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Researchers are beginning their analysis of what are probably the first successful ice cores drilled to bedrock from a glacier in the eastern European Alps.

With luck, that analysis will yield a record of past climate and environmental changes in the region for several centuries, and perhaps even covering the last 1,000 years.  Scientists also hope that the core contains the remnants of early human activity in the region, such as the atmospheric byproducts of smelting metals.

The project, led by a team of Ohio State University scientists and their European colleagues, retrieved four cores from a glacier high atop Mount Ortles, a 3,905-metre (12,812-feet) peak in northeastern Italy.  Three were 75 metres long (246-feet) and one was 60 metres (197 feet).  They are significant in two ways:


Paolo Gabrielli

First, scientists had previously believed that the glacier was at too low an altitude to contain ice cold enough to have preserved a clear climate record.

While the top one-third of the cores do show that melt water had percolated downwards, possibly affecting the record, the remaining two-thirds of the cores contained unaltered ice from which the research team should be able to retrieve a climate history.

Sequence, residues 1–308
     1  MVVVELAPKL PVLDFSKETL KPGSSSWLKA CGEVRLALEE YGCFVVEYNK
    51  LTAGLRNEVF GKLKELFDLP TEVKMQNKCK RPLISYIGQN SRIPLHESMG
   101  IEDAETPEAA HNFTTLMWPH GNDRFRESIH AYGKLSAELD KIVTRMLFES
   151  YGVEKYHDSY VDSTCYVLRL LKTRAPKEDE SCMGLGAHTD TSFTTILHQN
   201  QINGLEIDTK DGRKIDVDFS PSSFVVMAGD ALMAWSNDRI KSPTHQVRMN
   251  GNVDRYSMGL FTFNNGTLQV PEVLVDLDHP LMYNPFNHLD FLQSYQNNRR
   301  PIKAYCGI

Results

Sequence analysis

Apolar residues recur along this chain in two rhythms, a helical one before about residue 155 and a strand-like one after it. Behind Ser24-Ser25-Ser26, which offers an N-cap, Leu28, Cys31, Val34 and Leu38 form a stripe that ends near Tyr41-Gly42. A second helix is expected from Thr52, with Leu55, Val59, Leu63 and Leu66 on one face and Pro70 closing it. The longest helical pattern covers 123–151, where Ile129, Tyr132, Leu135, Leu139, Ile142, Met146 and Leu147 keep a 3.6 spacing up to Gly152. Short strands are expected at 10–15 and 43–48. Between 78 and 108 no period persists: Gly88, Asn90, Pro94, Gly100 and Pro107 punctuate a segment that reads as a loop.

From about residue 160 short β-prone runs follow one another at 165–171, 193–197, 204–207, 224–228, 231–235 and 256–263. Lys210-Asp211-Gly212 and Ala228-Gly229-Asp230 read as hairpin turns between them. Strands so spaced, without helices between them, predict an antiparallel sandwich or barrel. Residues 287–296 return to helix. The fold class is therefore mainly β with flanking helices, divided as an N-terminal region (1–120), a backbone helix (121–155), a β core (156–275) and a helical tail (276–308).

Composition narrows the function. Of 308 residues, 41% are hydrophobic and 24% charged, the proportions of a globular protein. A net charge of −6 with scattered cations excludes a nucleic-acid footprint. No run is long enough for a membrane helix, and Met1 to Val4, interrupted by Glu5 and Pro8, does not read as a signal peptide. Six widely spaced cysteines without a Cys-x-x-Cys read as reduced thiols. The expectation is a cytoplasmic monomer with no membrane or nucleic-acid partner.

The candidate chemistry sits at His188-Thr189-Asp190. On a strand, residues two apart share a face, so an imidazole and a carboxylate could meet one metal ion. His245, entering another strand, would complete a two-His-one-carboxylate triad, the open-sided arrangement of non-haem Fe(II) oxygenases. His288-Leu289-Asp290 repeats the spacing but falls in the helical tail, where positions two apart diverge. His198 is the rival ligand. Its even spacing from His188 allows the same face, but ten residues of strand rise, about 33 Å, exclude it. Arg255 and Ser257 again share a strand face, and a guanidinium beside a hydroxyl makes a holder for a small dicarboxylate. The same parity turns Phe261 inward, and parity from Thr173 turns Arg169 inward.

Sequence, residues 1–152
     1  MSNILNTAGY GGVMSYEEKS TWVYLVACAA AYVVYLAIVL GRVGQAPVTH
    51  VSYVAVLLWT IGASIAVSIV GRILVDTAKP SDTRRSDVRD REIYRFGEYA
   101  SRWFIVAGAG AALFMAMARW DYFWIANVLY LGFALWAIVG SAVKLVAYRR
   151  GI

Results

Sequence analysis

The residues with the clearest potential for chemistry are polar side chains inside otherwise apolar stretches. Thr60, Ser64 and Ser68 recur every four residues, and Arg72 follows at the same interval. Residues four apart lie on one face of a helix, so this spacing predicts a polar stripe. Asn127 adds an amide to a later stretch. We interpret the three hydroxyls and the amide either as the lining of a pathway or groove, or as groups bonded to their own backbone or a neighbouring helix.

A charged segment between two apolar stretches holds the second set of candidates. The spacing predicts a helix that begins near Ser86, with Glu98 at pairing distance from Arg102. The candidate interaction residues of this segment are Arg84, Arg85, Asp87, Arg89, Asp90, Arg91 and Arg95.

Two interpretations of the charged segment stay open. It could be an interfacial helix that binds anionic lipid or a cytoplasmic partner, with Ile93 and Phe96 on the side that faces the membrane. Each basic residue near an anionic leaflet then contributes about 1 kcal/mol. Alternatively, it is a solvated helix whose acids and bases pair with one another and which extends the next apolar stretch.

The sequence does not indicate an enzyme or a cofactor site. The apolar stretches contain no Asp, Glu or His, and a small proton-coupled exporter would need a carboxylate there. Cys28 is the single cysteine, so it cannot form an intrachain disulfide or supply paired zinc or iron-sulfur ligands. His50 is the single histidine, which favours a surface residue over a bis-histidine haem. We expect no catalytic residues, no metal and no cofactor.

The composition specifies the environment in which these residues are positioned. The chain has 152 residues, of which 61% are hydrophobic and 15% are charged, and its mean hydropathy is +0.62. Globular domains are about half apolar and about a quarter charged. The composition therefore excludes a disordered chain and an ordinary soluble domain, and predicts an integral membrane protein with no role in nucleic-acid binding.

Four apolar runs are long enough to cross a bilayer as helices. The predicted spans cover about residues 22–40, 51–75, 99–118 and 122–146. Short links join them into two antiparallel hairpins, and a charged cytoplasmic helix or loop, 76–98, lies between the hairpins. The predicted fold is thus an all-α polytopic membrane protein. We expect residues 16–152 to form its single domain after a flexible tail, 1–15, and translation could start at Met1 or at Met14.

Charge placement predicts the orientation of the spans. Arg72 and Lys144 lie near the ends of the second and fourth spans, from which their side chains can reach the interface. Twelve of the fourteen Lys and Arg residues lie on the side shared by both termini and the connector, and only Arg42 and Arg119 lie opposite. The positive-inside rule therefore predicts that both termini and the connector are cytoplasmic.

Secondly, since no other ice core analyses have been retrieved from the eastern side of the Alps, this work should paint a much clearer picture of climate change in this portion of Europe.

“This glacier is already changing from the top down in a very irreversible way,” explained expedition leader Paolo Gabrielli, a research scientist at Ohio State’s Byrd Polar Research Center.  “It is changing from a ‘cold’ glacier where the ice is stable to a ‘temperate’ glacier where the ice can degrade.